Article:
Aysha Yaqoob is no stranger to feelings of discomfort and dislocation. Born in Saudi Arabia and immigrating to Canada at the age of 2 with her parents, who were originally from Pakistan, Yaqoob’s early years were spent moving from place to place in the Greater Toronto Area. Then, in 2008, her family moved to Saskatoon, where Aysha attended school from Grade 7 to 12.

Attending 15 different schools during her K-12 years gave Aysha keen insight into feelings of marginality, which were amplified by being a visibly Muslim student. The lack of representation she saw in professional roles combined with her feelings of marginality sparked a desire in Aysha to work with marginal and at-risk youth, and influenced her decision to become an English teacher.

“In high school I had a great group of English teachers, and they hung out in a nice pack. It was there where I saw how dedicated they were and how fun teaching could be, and I observed their interest in teaching us not only about Shakespeare and poetry, but also about real world problems. However, there were no teachers that looked like me; all the teachers were White, and I wondered, ‘If I feel this, other students must feel this as well.’”

Dr. Mike Cappello and Aysha Yaqoob, Spring Convocation 2018

University gave Aysha a sense of control over her learning: “I had full autonomy of where I wanted to push my learning. I remember sitting in Mike Cappello’s ECS class, and seeing a White male talking so strongly about White privilege and what it means to oppress students of colour, and me being one of the very few students in our program who were of colour, and Muslim, visibly Muslim; it felt weird to see someone saying the words I could relate to.” Aysha wanted to learn more about representation: “After that, in every single class I took, I wanted to explore more into representation, and representing marginal and Indigenous students. All my profs were so willing to let me do assignments, I never had a prof who said you have to stick with my assignment. It was so great, I got to push my education and learning in areas that I was interested in. I was really able to shape my journey the way I wanted.”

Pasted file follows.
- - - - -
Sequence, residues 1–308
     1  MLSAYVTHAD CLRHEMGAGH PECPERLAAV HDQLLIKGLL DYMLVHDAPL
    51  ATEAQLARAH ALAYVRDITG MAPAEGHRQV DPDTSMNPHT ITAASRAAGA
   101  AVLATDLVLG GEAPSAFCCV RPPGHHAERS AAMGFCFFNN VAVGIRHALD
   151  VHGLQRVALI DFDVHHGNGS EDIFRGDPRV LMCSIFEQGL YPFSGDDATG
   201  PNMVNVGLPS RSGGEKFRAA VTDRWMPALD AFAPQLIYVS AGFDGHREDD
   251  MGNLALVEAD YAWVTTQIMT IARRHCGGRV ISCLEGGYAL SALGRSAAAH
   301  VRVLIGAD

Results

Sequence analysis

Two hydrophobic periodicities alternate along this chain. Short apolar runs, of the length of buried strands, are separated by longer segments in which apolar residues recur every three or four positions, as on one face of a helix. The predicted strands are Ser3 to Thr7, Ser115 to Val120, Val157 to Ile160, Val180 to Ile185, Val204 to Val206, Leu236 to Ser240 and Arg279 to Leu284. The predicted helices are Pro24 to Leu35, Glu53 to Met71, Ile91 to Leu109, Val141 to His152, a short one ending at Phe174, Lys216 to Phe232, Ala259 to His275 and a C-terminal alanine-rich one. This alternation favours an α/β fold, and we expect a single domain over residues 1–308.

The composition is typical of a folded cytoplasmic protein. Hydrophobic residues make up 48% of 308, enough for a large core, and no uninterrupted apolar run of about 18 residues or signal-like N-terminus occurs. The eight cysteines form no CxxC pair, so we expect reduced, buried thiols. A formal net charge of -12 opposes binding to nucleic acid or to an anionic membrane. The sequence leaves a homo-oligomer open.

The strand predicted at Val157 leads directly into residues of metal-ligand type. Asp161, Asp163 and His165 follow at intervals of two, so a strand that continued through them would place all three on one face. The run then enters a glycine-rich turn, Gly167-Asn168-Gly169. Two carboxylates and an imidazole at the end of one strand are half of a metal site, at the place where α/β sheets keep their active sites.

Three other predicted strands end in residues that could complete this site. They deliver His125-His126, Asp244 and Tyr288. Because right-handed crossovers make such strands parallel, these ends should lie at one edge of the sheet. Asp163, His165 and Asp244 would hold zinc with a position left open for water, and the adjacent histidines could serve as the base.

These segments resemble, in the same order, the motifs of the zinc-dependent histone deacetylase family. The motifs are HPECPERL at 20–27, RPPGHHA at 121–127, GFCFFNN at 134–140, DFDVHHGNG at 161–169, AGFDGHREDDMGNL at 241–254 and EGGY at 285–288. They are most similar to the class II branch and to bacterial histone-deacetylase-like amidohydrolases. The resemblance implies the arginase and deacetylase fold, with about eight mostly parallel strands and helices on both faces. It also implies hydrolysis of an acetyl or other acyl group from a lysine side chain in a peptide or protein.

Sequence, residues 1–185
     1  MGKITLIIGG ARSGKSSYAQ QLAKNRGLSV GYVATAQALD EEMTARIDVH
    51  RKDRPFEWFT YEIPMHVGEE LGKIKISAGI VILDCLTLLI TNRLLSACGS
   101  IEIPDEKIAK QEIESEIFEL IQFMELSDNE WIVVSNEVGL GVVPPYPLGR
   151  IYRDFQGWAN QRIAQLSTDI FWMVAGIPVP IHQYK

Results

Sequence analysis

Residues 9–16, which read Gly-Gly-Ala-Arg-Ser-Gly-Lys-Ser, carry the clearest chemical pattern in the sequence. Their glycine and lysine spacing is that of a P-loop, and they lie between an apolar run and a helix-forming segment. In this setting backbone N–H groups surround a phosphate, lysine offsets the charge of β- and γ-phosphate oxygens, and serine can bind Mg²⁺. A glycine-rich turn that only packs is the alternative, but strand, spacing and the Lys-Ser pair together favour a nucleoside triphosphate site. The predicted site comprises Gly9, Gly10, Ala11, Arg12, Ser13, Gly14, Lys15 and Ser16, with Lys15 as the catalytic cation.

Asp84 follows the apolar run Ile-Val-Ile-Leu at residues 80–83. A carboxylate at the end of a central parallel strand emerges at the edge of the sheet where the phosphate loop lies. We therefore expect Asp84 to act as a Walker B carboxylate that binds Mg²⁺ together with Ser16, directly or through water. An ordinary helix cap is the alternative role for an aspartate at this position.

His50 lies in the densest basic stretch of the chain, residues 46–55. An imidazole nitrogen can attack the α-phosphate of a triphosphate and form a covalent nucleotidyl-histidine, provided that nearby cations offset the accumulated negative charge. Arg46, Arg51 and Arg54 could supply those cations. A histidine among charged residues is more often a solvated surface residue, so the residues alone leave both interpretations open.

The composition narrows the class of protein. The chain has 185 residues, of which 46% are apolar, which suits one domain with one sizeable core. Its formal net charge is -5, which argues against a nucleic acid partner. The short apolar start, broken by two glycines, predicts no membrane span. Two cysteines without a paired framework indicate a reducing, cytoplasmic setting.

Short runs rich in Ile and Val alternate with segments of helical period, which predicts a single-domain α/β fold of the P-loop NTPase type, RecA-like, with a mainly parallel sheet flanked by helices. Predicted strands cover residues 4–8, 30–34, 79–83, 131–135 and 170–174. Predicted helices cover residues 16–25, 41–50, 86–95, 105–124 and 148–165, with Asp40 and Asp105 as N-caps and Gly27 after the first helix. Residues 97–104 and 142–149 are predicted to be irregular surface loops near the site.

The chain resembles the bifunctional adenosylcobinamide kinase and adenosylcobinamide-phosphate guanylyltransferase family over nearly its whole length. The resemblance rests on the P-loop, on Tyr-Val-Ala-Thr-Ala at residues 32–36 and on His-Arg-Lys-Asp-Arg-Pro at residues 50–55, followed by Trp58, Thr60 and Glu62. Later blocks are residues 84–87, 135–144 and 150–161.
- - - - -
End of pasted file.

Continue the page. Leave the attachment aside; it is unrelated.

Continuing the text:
These experiences changed how Aysha viewed education. She says, “It made me see that there are teachers who are trying to change the system right now, and trying to make students of colour feel represented and welcome. It was so nice.”

Dr. Jenn de Lugt and Aysha Yaqoob, Convocation Spring 2018

Up to that point, Aysha says she had been quiet and shy, but feeling supported at University helped her find and use her voice. “I remember that during the time when the Muslim ban was going on, I got up in front of my peers and let them know how I felt, how cornered and unsupported I felt. I invited them to a vigil at Victoria Park…Even talking about this gives me goose bumps. Just seeing all of the support I had from my peers and colleagues and professors made me want to speak up about these issues all the more. Since then I’ve been a non-stop machine; I don’t have an off button,” she says.

In 2017, as part of the Education Students’ Society executive, Aysha organized a Professional Development event called Meet-a-Muslim. She says, “I wanted to dispel misinformation about Muslims, so I invited everyone to come out and hear what it was like growing up Muslim, and about how the travel ban was affecting us. I wanted it to be an open safe space to ask questions and dialogue.” For people who are often misportrayed, Aysha explains “My go-to is to just ask questions. I’d rather you ask a billion questions than just assume.” In her quest for how to go about designing the event, Drs. Jennifer Tupper and Mike Cappello advised her to have an open dialogue with a panel. In hindsight, Aysha is glad about the panel format: “It was great that it was that way because a lot of topics came up that I wouldn’t have touched on because for me they were everyday things, even questions about why I wear the hijab and why my sister doesn’t, basic questions about Islam, and my view point on conflicts around the world. I’m not a token representative of all Muslims, so the panel gave a variety of viewpoints,” she says. The event was well-attended, one of the busiest ESS events that year, with 50-60 people attending. CBC covered the event and it was also live-streamed on Facebook.

Aysha at Convocation in Spring 2018. Photo credit: Shuana Niessen

“My parents look at me now, and they are surprised too, saying ‘You were never like this; you were so quiet and felt uncomfortable with public speaking.’ Now every chance I get, I’m out there.” Aysha credits her transformation as growing out of her experience of feeling supported by her peers and professors: It was “having that moment where I felt enough support to be vulnerable and express how I felt, and sharing that ‘your silence is hurting me,’ and getting their response in return,” she says.